However, I've really begun to desire health - lasting, God-honoring health - and so I've taken a step back from ease and gotten a good look at the chemicals that my family slathers on or ingests on a daily basis. I looked them up, every ingredient. (My children sometimes think the internet is a curse. As in, "Don't click it, we don't want to know what that's made of and how bad it is for us! Oh, no, now we've got to give that up, too.")
Of course, there is also the fact that the price of everything is going up. (Is it just me, or has anyone else noticed that the prices of healthier, whole foods rise the fastest, and the most often?) The non-GMO, organic soy milk I bought last week is a dollar more this week. I can no longer find inexpensive, no additive whole wheat bread in my local grocery store, so I have to drive 40 miles and buy the tiny loaf with the huge price tag. That sort of thing.
Actually, I've been making my own bread for years (it tastes better, and I can make English muffins, pizza crust, pita pockets, bagels, and loaves all out of the same batch - how's that for economy?) However, the soy milk and the tofu - well, I've made them before - but there's that ease thing again. Then, as I mentioned, the prices started going up (and up) at about the same rate my teens' food intake started going up (and up, and... well, you get the picture).
We are strict vegetarians (vegans) in our family, and tofu is a genuine staple around here. We put it in sandwiches, in pasta, in "cheeses", in "mayonnaise", etc. Thus it became expedient that I make my own. And my lovely sister suggested that I share with you a tutorial on how it's done. (I think she wants to try it herself and figured out a way to convince me to "show" her how, even though she lives thousands of miles away.)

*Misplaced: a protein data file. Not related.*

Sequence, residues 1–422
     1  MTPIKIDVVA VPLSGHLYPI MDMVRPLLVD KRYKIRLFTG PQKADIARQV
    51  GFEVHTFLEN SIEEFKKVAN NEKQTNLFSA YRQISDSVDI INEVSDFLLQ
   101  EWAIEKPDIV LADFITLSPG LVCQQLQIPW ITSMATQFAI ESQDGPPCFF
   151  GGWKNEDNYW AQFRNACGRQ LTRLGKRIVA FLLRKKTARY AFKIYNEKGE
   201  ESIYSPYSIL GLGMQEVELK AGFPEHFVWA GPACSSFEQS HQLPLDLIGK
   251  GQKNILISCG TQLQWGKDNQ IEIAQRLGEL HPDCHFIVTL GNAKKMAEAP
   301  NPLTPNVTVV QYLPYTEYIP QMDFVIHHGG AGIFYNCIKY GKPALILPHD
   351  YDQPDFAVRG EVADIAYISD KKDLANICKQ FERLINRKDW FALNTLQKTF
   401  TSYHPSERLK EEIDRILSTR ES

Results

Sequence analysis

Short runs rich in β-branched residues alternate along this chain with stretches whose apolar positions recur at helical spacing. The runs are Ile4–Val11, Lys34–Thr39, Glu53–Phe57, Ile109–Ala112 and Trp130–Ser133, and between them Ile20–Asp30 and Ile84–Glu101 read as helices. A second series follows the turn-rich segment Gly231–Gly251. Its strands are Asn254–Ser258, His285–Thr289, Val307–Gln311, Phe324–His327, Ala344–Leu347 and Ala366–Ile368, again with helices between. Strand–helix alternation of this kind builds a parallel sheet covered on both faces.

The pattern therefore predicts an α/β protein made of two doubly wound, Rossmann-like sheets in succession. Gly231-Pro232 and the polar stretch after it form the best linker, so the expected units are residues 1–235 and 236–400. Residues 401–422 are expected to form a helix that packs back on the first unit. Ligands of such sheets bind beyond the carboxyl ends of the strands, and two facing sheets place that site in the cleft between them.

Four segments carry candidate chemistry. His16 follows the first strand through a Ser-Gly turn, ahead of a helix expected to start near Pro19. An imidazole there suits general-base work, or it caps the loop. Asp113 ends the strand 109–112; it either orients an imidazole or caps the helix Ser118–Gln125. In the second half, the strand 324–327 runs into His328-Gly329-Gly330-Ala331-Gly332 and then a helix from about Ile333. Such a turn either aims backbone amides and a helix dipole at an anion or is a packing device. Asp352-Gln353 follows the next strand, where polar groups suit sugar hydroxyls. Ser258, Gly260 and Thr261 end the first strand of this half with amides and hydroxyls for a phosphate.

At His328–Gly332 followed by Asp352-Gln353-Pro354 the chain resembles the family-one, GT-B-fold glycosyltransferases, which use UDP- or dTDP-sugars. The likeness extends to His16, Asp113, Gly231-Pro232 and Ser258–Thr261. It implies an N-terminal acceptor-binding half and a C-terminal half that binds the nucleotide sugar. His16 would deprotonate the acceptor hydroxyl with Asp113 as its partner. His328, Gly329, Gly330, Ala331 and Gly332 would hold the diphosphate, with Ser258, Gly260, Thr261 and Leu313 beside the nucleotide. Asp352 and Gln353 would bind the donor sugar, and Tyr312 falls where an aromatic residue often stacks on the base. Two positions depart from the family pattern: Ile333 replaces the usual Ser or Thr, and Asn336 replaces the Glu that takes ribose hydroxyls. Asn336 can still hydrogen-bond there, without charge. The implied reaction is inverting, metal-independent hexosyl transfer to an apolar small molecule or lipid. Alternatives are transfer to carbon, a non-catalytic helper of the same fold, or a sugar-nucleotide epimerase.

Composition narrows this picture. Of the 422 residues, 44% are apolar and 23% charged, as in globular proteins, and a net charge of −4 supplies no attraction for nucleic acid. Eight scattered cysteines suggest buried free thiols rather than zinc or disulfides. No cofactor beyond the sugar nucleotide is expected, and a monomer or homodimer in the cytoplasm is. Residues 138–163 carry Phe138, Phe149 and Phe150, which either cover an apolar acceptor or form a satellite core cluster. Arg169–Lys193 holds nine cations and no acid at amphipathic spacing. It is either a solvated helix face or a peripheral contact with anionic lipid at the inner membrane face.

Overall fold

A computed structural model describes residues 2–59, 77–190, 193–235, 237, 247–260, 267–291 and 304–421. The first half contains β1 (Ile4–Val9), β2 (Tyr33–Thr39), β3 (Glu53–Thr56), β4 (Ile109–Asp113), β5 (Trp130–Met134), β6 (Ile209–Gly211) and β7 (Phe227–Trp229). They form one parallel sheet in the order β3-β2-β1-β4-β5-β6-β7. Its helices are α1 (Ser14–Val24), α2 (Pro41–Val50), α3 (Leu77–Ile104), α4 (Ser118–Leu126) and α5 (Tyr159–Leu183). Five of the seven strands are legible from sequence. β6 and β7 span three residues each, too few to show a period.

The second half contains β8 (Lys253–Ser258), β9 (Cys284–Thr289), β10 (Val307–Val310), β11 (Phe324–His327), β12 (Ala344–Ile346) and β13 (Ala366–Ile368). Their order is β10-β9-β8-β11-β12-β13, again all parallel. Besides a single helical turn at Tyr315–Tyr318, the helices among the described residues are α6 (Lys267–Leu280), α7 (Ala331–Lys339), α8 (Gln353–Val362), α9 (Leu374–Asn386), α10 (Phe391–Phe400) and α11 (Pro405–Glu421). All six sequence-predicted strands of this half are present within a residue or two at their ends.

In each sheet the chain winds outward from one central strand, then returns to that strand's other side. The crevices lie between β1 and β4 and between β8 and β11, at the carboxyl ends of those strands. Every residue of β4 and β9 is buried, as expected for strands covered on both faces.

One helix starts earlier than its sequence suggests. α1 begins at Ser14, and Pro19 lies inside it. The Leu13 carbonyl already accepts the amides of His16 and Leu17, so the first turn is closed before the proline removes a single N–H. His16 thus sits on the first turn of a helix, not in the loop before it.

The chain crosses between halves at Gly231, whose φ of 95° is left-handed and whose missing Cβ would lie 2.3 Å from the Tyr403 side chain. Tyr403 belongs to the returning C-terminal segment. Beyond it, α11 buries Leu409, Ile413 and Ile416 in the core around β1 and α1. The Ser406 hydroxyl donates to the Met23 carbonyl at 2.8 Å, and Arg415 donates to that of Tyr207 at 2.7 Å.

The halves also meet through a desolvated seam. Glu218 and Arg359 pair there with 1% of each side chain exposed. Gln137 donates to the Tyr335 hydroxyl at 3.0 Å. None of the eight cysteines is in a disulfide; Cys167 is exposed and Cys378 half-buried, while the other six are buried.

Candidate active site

So, after that long introduction:
How To Make Tofu:
Soak the soybeans overnight in plenty of fresh, cool water. I used one pound of soybeans for this batch. Usually I don't bother measuring but I wanted to know how much I was saving by making it myself.
Drain and rinse the soybeans. Place one cup of soaked soybeans in a blender with 4 cups of cold water and blend until smooth. I don't recommend doing this while your husband watches the news. For some reason mine wanted to hear what he was watching. Oops.
Pour the soybean/water mixture through a thin cotton towel and into a large, deep kettle. My set up includes a thin cotton cloth placed in a steamer basket (or colander) inside the kettle. Then I can just keep pouring and draining without moving anything. (Please ignore the very old, well-used, thin cotton towel. Pretend it is pristine and new, if you'd like.)
Continue with steps two and three until all of the soybeans are used up, maintaining the 1:4 ratio. Keep an eye on what's going on under the towel. You wouldn't want it to overflow. Liquefied soybean waterfalls can be sticky.